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Breaking: This Political Event Matters (Not)

Breaking: This Political Event Matters (Not)

By David Paul Kuhn - January 26, 2010

Barack Obama's first State of the Union address is Wednesday. The political media is already in typical form. The speech is framed as the next seismic event. It's not – not if the speech's objective is shaping the American mind.

Bill Clinton and George W. Bush's annual addresses combined, on average, changed their Gallup approval rating one point. The last five presidents combined averaged no change (polling was too infrequent to measure before Jimmy Carter).

The influence of modern State addresses is limited to the political class. The machinery of government listens for lessons learned and future goals. The oration is rated. But it is primarily political theater. One more anchor in the presidential narrative.

The public mind is not easily changed. It's gradually molded. So it goes with presidential power. The chief executive does not steward public opinion in quick turns. It's more like turning an oil tanker. Slow going.

Nearly all televised addresses affirm this rule. Presidential scholar George Edwards, in his book "On Deaf Ears: The Limits of the Bully Pulpit," reviewed the impact of every televised address from 1981 to 2003, also utilizing Gallup data. He found that most presidential addresses fail to significantly shape the public's views. The exceptions largely concern war: Desert Storm, the 9/11 attacks or the second Iraq war. The same is true regarding great scandals, Iran-Contra or Watergate. But in scandal and war, the opinion shift is more likely a reaction to the jarring event – not to the rhetoric about that event.

This outsized billing characterizes most of the political calendar. Consider campaigns in terms of consequential events. Endorsements almost never matter. Vice presidential debates almost never matter. Presidential debates can matter (Ronald Reagan's last debate in 1980). And, once in awhile, an election can be as big as its coverage. But last week's Massachusetts race, like those rare presidential debates, is the exception that proves the rule.

Political scientists and policy wonks have long railed against political media hype. Yet these same analysts tend to exaggerate the importance of what's important to them. Recall the extended debate over the relatively small differences between Hillary Clinton and Barack Obama's health care plans; veterans of legislative battles scoffed. And then there is the factoid that the economy is a driving factor in presidential campaigns and approval ratings (true only in extreme economic times like today).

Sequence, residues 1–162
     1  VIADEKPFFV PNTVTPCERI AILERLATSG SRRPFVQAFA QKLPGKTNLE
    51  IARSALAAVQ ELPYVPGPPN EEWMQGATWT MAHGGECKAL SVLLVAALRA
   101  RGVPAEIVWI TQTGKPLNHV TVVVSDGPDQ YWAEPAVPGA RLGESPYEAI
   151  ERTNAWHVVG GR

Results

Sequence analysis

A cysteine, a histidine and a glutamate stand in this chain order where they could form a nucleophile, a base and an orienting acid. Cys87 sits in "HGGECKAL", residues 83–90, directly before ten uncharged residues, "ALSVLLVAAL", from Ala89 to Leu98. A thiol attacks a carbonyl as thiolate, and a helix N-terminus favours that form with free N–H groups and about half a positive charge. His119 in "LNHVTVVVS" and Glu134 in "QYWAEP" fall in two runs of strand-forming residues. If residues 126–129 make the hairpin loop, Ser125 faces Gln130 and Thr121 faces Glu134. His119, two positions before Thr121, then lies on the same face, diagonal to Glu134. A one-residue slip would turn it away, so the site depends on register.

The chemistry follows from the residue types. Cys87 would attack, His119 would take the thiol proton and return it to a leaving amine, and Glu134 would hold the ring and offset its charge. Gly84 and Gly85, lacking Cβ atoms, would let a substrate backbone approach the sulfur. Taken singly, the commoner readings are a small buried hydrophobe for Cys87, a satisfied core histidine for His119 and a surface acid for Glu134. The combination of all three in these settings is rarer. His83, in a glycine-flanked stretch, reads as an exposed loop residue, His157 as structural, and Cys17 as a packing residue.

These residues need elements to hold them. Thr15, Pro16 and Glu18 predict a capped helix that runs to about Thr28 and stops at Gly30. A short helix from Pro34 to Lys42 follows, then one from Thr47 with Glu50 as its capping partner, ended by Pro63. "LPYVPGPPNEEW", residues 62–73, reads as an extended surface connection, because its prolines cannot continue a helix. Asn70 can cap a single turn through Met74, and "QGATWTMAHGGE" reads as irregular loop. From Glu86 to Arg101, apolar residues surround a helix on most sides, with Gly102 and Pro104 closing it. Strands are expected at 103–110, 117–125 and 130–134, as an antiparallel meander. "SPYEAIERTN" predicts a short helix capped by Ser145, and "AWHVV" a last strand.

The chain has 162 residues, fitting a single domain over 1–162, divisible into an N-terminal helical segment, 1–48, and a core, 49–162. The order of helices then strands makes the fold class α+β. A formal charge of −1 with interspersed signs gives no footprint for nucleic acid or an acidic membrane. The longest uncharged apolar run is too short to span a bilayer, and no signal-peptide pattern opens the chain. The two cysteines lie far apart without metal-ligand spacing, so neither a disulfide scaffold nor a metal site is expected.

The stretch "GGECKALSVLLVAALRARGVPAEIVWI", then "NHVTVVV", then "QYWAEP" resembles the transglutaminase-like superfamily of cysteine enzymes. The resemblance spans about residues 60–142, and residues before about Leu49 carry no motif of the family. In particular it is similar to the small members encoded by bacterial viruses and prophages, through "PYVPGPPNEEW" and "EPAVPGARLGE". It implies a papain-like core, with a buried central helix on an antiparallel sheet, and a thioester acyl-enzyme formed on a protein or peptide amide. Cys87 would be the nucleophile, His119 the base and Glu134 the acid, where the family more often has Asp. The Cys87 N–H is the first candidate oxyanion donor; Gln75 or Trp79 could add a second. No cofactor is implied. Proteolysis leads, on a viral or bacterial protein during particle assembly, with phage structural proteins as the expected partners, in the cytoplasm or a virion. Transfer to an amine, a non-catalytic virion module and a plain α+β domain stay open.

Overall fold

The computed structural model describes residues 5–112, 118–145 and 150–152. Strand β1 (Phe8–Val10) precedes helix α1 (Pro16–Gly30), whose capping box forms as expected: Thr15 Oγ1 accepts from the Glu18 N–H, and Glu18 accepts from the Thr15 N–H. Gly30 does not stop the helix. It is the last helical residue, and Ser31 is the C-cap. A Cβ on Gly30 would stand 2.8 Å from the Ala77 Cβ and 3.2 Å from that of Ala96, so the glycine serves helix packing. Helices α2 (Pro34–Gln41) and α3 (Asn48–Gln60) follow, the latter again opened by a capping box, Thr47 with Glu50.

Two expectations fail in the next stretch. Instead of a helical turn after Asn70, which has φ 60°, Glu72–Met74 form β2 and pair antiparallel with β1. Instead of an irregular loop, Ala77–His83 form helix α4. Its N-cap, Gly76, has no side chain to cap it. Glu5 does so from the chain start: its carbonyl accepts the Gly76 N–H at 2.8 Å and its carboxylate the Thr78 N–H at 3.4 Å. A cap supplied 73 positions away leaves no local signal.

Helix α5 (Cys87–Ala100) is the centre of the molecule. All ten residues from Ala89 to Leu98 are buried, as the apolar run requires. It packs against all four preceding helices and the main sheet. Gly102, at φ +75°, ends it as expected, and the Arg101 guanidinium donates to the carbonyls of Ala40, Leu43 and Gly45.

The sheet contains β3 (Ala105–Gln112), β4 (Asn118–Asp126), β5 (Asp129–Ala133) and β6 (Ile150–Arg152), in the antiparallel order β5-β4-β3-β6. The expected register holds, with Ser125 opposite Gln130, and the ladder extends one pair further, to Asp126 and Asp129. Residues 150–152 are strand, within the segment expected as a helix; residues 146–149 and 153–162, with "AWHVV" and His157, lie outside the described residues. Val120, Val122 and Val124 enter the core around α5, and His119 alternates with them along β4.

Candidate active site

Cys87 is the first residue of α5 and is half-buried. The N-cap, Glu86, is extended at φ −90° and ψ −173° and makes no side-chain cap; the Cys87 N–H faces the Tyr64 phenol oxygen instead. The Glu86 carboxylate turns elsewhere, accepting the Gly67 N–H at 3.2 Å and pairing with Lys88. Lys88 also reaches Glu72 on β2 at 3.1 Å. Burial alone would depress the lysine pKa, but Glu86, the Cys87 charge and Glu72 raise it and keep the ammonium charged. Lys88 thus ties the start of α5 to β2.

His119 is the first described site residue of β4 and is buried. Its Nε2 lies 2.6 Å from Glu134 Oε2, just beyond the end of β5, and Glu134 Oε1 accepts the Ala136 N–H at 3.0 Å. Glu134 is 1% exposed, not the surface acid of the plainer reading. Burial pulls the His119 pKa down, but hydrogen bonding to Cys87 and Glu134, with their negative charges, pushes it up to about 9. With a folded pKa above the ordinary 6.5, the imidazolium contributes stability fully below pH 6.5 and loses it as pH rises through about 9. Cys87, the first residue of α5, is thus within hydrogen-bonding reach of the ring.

Presidential addressees are peculiar in one sense. They are, like the occasional primetime press conference, broadcast live. The president's persona projected into Americans' homes. More media comes with each president. And therefore, over the years, the president is visiting more often. But absent twists in the narrative, the more we see the president the less we care. And Obama has been seen a lot. He's on every news program (even giving in to Fox). He's sitting beside Oprah for "Christmas at the White House." He's on "The Late Show" with David Letterman. And then there were those press conferences.

Obama's first press conference earned 49.5 million viewers, according to The Nielsen Company. His second, on March 24, drew 40.4 million. His third, marking his 100th day in office, drew 28.8 million. Presidents, like television shows, find it difficult to keep up their ratings.

It's usually the same with State addresses. In 2008, 37.5 million viewers watched George W. Bush's last address. In 2007, 45.4 million watched. The year before was a little lower, 41.7 million. But compare those addresses to an earlier speech tied to a dramatic news event. In 2003, amid the walk up to the Iraq war, an estimated 62.1 million viewers watched W's address. That beat Bill Clinton's peak address audience in 1998, amid the Lewinsky scandal.

Novelty is what matters in television, of course. Obama's first State address should therefore have more bang than average. W's first, 51.8 million. Clinton's first, 66.9 million. But for Clinton too, by the last season, interest dwindled. Clinton's final address, 31.5 million.

The first State address tends to shift the approval rating a few more points than normal. But by the next poll, like Clinton and Obama's health care addresses, the approval rating settles back to where it was. Larger viewership does not mean impact. It hints at public interest. But generally Americans are less interested.

We have grown numb to the televised presidency. President Obama's most watched primetime press conference earned 31 percent of American households' attention. The first televised primetime press conference, by Richard Nixon in 1969, earned 59 percent of households. Presidential debates have followed the same pattern.

Certainly, viewership and public opinion are not the exclusive metric for the importance of a political event. Blue dog Democrats will watch Wednesday's address with a big question: is this president's second year agenda going to be more help or hindrance to their reelection bid. Political reporters will watch for hints of President Obama 2.0. Version one has fared worse than average. But nearly all Americans are not concerned with these matters.

So beware of pundits who argue this State of the Union really does matter. It's like any publicist. The billing comes from someone who wants your business.

David Paul Kuhn is a writer who lives in New York City. His novel, “What Makes It Worthy,” will be published in February 2015.

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